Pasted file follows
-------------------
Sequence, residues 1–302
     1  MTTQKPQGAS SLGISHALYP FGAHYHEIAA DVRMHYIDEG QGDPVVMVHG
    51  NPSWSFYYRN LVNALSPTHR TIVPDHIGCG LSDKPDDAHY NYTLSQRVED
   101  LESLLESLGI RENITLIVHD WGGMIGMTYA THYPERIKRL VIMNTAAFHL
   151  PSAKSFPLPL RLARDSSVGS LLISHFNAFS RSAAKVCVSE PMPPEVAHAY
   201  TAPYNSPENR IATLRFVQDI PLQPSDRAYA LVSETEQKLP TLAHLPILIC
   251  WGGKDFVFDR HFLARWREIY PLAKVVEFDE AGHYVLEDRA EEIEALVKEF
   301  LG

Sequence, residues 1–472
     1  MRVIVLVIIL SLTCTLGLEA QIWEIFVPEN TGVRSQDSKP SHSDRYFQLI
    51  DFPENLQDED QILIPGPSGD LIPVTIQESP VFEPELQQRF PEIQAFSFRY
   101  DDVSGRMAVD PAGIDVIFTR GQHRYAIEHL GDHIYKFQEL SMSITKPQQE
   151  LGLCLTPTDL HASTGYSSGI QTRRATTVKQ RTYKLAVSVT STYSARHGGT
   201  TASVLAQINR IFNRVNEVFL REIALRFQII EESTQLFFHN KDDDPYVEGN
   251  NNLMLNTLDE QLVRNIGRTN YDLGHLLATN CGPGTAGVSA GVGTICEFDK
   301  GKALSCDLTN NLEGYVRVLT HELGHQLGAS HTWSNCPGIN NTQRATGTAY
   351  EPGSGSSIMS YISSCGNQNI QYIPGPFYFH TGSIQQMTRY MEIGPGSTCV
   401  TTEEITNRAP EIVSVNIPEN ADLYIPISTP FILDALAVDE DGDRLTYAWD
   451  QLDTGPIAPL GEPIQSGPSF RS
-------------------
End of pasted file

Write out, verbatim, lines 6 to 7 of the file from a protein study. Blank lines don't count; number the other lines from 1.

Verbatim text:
   201  TAPYNSPENR IATLRFVQDI PLQPSDRAYA LVSETEQKLP TLAHLPILIC
   251  WGGKDFVFDR HFLARWREIY PLAKVVEFDE AGHYVLEDRA EEIEALVKEF